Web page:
Any ’90s kid worth their Salt-N-Pepa remembers the Mighty Morphin Power Rangers, the color-coordinated team of teenage martial artists who used the powers of friendship, multiculturalism and their giant robot Megazord to battle an ever-expanding cadre of intergalactic baddies every Saturday morning on Fox Kids. Now, more than two decades after their first adventure, the Rangers are back in action, and that action happens to be of the R-rated variety.
Earlier this week, a YouTube video entitled “Power/Rangers” went viral, racking up over 11 million hits as of this writing. The 14-minute short, directed by Joseph Khan, reimagines the kid-friendly show as an ultraviolent cyber-thriller, trading the original’s cornball charm and bloodless action-posing for higher production values and copious amounts of gore, drug use and enough four-letter words to sentence the average 6-year-old to a lifetime in time-out.
The basic setup is straight out of Alan Moore’s revisionist superhero comic Watchmen: Years after their adolescent escapades against the likes of Lord Zedd and Rita Repulsa, a new enemy is systematically killing off the now-adult Rangers, prompting the Second Red Ranger (played, fittingly enough, by ’90s icon James Van Der Beek), now a brutal totalitarian enforcer, to kidnap the Pink Ranger (Katee Sackhoff from the Battlestar Galactica reboot) and use her as bait to catch her old flame, the Green Ranger (Russ Bain). What follows is a kinetic action ballet that plays like the over-caffeinated love child of Zack Snyder and RoboCop director Paul Verhoeven. The tone is deadly serious, but sometimes the best jokes are delivered with a straight face.
Less than 24 hours after the short’s online debut, Saban Entertainment, which owns the rights to the property, issued a demand for the video to be taken down. Sure enough, the film disappeared from YouTube on Thursday, but producer Adi Shankar has vowed to fight the decision, arguing that “Power/Rangers” falls under the sometimes-nebulous definition of fair use, which permits the limited repurposing of copyrighted materials for reasons of parody, criticism or education. If Saban decides to force the issue legally, the result could end up setting an important precedent for fan-made content on video sharing platforms.
There have been plenty of relatively big-budget fan films over the years, and many of them have employed similarly radical tonal shifts in a bid to shock and intrigue viewers. The Pokémon fan base, for example, saw its beloved trading card game transformed into a dystopian blood sport in Ki-Voltage Productions’ popular 2010 short Pokémon: Apokalypse, which involved the eponymous critters being stolen from their loving trainers and forced to participate in underground death matches. The Internet is awash with unauthorized fan creations ranging from the flattering to the perverse, but most companies are reluctant to pursue legal action for fear of alienating their most rabid supporters. So why would Saban pick a fight over “Power/Rangers”?
Before rushing to judgment, it’s important to consider the source. The folks behind “Power/Rangers” aren’t exactly struggling young artists hoping to catch the eye of their idols. Khan has been a successful filmmaker for over a decade now. He helmed the 2004 motorcycle actioner Torque and the enjoyably meta 2011 horror comedy Detention, as well as a variety of music videos for the likes of Eminem, Rihanna and Britney Spears.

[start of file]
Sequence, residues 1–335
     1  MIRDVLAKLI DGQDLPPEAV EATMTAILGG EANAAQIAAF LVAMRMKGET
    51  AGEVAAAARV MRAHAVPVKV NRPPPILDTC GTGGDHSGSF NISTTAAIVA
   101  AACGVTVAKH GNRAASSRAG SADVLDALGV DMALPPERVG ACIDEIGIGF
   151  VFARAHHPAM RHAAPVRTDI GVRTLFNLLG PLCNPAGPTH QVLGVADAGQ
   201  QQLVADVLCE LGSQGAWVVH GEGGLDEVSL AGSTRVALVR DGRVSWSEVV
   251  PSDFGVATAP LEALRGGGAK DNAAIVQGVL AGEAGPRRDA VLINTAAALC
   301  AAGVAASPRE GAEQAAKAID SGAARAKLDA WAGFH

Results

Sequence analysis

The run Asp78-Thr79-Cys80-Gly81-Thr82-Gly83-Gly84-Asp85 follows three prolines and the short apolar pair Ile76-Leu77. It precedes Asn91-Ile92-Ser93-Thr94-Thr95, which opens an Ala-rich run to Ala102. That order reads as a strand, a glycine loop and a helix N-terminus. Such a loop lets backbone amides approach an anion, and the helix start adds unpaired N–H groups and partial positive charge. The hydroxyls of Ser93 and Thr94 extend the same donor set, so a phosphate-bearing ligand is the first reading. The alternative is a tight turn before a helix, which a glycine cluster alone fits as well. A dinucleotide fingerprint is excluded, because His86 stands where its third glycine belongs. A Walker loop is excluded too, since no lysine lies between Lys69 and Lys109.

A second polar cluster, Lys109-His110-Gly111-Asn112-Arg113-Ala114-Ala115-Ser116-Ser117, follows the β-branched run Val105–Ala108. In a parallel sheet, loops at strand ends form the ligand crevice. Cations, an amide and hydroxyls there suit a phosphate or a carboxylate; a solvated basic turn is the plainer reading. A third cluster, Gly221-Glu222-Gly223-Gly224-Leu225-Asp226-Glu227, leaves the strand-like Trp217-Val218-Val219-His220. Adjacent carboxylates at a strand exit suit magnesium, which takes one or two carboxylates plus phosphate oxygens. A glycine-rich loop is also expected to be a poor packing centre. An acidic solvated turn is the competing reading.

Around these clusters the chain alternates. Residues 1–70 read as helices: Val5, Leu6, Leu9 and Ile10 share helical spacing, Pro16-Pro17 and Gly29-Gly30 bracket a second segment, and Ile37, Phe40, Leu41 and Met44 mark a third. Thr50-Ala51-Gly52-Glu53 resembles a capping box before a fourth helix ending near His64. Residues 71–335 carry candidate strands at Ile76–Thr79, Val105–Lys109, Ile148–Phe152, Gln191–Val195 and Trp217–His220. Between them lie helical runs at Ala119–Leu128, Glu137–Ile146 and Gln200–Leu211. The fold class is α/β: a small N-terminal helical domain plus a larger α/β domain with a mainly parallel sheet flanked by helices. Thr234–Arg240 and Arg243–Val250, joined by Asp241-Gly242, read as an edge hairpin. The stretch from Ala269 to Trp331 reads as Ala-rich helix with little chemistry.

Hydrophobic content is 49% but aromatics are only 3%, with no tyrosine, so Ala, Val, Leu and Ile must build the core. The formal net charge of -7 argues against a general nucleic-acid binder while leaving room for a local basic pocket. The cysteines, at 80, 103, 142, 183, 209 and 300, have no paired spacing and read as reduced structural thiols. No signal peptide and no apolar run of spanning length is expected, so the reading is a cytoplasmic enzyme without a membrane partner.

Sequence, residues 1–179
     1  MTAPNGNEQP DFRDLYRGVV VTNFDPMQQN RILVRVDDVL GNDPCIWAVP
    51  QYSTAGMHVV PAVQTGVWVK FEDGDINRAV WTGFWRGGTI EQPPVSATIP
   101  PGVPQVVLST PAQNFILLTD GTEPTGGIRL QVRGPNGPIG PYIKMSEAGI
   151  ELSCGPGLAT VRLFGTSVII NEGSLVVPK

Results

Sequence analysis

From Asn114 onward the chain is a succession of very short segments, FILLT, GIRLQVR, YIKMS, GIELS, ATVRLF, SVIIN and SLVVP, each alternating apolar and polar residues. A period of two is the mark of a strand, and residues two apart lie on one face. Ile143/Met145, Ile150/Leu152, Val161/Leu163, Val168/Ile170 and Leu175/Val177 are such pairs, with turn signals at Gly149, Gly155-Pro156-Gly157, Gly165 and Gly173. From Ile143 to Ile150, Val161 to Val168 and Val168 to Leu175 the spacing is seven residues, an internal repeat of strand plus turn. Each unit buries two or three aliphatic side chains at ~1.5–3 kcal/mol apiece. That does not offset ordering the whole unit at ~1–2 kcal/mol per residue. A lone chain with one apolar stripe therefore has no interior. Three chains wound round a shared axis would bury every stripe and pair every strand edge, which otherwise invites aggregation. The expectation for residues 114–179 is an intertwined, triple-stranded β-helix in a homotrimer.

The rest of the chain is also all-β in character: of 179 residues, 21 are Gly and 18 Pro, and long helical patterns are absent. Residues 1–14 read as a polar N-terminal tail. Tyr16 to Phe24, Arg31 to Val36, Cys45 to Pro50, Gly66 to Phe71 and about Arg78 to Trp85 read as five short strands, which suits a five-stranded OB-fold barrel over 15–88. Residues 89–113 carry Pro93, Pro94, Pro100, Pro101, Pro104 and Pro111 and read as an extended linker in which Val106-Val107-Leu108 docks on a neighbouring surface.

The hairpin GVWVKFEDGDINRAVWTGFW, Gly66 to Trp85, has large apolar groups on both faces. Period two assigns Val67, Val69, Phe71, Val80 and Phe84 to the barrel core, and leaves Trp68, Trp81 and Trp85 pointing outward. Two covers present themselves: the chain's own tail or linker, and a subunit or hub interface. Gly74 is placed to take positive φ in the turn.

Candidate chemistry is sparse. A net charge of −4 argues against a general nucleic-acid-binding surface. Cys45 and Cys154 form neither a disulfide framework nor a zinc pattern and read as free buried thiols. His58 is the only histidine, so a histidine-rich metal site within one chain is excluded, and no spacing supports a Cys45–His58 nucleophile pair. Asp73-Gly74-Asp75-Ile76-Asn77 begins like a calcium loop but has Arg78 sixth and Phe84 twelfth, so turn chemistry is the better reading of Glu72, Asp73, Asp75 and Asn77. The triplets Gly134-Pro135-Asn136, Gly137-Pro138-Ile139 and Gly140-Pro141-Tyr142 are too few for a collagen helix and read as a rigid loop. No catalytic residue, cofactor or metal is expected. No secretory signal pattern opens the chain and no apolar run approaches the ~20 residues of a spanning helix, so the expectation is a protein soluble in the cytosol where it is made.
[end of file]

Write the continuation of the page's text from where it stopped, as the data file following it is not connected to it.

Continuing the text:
Shankar is even more established within the industry, having served as the producer of acclaimed genre pictures such as The Grey, Dredd and Lone Survivor. He also has a long history of financing his own expensive fan films, which he calls “bootlegs,” including the recent Punisher: Dirty Laundry, starring Thomas Jane in the role that should have made him famous back in 2004, and the Man Bites Dog-inspired short Venom: Truth in Journalism, a found-footage thriller revolving around Spider-Man’s symbiote nemesis. Shankar doesn’t actually own any of these characters, but he feels well within his rights to make these “bootlegs” because he doesn’t directly profit from them.
Here’s another issue to consider: What exactly constitutes fan-made content? “Power/Rangers” was never envisioned as a glossy tribute to some forgotten show of yesteryear. It’s an action-packed provocation that knowingly spoofs Hollywood’s post-Batman Begins mania for “dark and gritty” reboots while reveling in the twisted absurdity of comparing the Power Rangers to child soldiers with PTSD. At the end of the day, the whole thing is essentially a live-action Robot Chicken sketch with a runaway production budget.
So why is Saban so intent on taking “Power/Rangers” down? Is the company worried about having its prize brand tarnished? Is it concerned about innocent children stumbling upon the graphic content in the video by mistake? Sadly, the real reason behind all this legal saber-rattling is much more material in nature. Saban is developing an actual Power Rangers reboot in concert with Lionsgate, and it doesn’t want the public to get confused ahead of that film’s planned 2016 release date. All I can say is this: If the Pink Ranger doesn’t curse like a sailor in the official version, I will be sorely disappointed.
Landon McDonald is a graduate student studying public relations. His column, “Screen Break,” runs Fridays.